Economic chaos continued in Iran on Wednesday, as the government raised more prices, and the rial declined to its lowest point against the US dollar in 2022.

In addition to bread, the cost of four other essential food items increased in Iran due to the removal of import subsidies, but Interior Minister Ahmad Vahidi said nothing else should be sold at higher prices.

In a televised interview aired at midnight Wednesday, Vahidi wearing Revolutionary Guard uniform, said foodstuff producers and retailers will not be permitted to increase the price of anything other than chicken, eggs, oil and dairy products. He also warned transportation companies and drivers that they will also not be allowed to increase the cost of their services. He added that government agencies in charge of market regulation will be invested with extraordinary powers to act against those who do not comply.

Iranian officials have frequently issued orders to producers and retailers to keep prices steady, but this has been more for public consumption than a serious measure to control the market.

The Iranian rial broke the 300,000 threshold to the dollar on Wednesday. The falling national currency is a serious warning to the government, as it would accelerate inflation by making imports more expensive. The government will be forced to print more money to discharge its financial obligations and this in turn will fuel even more inflation.

Last week the government announced that it would no longer allocate cheap dollars to flour imports which resulted in soaring bread prices, and economic chaos in the markets.

Admitting on Wednesday that the new measures may cause disruption in supply, Reza Fatemi-Amin, minister of industries, mines, and commerce tried to reassure Iranians that there was sufficient supply of all commodities and told them to avoid "panic-shopping".

President Ebrahim Raisi announced Monday that his government has begun the process of removing import subsidies for basic foods, animal feed, and medicine. He also confirmed that his government will pay cash assistanceto most Iranians as compensation, which will cost around $900 million a month.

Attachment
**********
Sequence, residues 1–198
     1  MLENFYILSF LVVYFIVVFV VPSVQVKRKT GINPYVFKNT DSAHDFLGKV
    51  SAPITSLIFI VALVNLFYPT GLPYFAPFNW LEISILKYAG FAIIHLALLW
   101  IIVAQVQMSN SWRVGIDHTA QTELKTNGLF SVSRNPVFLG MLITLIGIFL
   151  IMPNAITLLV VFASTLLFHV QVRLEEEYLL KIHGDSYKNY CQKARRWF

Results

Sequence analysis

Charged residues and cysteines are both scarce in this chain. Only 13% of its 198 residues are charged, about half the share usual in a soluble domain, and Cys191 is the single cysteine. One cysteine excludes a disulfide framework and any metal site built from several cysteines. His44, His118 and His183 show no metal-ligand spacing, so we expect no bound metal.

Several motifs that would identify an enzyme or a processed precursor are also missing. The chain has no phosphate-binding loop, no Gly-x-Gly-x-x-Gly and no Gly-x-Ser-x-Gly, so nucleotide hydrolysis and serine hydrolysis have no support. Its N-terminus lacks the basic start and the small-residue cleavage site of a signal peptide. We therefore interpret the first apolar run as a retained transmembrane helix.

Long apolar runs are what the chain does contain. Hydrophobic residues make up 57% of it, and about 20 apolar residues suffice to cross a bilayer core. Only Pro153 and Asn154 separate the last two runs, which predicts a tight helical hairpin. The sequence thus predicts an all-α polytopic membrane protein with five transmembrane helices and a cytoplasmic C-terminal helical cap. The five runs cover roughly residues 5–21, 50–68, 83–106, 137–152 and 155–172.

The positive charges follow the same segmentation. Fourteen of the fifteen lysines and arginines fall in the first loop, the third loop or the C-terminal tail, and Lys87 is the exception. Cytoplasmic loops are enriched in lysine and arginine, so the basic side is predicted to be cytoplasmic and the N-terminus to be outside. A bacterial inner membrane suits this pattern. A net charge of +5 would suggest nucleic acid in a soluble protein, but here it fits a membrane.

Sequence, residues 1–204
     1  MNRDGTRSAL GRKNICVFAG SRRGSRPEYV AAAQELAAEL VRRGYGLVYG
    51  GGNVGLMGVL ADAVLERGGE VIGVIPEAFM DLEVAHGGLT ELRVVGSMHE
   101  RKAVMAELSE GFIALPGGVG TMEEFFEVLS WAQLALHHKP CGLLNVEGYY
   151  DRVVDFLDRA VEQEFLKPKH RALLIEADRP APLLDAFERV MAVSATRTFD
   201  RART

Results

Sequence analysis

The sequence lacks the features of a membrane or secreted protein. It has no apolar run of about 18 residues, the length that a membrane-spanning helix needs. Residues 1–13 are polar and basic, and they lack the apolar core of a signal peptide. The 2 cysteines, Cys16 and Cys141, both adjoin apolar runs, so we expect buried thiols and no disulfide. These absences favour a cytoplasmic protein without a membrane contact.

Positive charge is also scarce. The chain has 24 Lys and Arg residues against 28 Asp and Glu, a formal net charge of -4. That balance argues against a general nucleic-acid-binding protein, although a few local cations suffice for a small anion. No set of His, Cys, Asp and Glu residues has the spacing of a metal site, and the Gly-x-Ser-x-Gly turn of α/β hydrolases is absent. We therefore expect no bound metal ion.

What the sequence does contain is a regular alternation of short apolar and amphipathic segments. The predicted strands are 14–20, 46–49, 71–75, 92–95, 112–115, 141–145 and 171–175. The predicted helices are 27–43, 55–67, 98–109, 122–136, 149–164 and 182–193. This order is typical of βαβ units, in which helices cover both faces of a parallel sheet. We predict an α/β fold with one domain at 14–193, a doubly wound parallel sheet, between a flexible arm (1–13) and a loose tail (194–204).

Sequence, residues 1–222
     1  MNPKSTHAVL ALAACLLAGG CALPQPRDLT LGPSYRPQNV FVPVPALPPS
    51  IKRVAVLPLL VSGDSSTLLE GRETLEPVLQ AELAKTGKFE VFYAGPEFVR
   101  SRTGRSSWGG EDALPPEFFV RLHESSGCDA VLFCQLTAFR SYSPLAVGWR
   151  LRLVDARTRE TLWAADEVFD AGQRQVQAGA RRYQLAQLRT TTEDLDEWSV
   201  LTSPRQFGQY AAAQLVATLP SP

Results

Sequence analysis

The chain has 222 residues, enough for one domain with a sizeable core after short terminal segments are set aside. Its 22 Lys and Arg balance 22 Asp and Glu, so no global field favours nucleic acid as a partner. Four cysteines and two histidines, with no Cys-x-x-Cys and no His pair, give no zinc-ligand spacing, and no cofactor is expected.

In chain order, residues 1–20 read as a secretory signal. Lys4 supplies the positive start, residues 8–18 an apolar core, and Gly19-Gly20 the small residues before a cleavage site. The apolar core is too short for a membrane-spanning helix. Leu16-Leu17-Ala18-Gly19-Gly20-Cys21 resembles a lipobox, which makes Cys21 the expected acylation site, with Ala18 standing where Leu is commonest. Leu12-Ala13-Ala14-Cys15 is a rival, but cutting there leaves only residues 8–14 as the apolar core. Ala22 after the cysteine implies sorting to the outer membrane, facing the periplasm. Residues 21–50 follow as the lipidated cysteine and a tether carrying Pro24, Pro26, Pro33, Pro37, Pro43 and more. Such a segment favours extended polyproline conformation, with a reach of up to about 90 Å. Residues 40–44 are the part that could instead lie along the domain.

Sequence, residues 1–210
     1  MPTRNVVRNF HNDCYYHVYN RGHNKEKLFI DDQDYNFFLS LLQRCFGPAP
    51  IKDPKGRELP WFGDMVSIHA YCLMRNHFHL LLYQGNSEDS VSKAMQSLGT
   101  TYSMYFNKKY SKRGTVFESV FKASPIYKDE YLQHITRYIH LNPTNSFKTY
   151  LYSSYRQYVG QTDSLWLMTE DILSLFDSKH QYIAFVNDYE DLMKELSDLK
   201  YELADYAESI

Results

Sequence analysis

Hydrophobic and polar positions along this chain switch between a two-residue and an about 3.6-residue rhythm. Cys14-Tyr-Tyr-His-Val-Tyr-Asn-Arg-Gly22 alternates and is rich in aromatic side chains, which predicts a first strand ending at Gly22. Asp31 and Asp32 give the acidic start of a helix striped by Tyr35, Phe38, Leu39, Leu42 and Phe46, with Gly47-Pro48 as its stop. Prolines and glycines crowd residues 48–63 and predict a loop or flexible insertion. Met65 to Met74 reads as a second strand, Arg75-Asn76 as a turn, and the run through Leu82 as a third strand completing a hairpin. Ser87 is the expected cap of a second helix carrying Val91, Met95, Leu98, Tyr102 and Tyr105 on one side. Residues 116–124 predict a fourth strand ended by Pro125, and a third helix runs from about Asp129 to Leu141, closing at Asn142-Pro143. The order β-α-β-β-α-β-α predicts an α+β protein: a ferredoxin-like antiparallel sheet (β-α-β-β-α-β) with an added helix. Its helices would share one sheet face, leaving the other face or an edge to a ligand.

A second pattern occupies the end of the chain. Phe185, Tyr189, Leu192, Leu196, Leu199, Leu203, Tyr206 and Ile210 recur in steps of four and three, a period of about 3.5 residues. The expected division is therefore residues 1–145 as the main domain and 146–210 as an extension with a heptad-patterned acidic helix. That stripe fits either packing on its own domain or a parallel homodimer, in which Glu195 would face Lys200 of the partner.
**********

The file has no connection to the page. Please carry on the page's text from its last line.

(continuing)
The cash-strapped government decided to stop import subsidies for basic foodstuffs, animal feed and medicines late last year, which was costing the treasury up to $20 billion according to latest estimates by officials.

Many, including lawmakers, have opposed the hasty removal of the import subsidies, which they say is necessary nevertheless, and criticized the government for lack of a clear and cohesive plan to implement what it calls "a major economic surgery".

The $10-billion annual cash assistance that the Raisi government is planning to pay means printing more money and higher inflation. The country is already grappling with an annual inflation rate of above 40 percent and food prices have skyrocketed in the past twelve months by more than 60 percent.

The Food Safety Taskforce of the Ministry of Agriculture on Tuesday increased the prices of chicken, oil, eggs, and dairy products by almost 50 percent. It is not clear when the new prices will come into effect, but the expectation has already caused chaos in the market.

Despite Raisi's assurances that people will not be hurt by the new measures, many are worried that rising food prices will spread to other areas and raise the cost of services and housing even further.

Supreme Leader Ali Khamenei did not refer to the massive price increases in a speech to workers Monday, but he reaffirmed his support for the Raisi administration and its economic policies.

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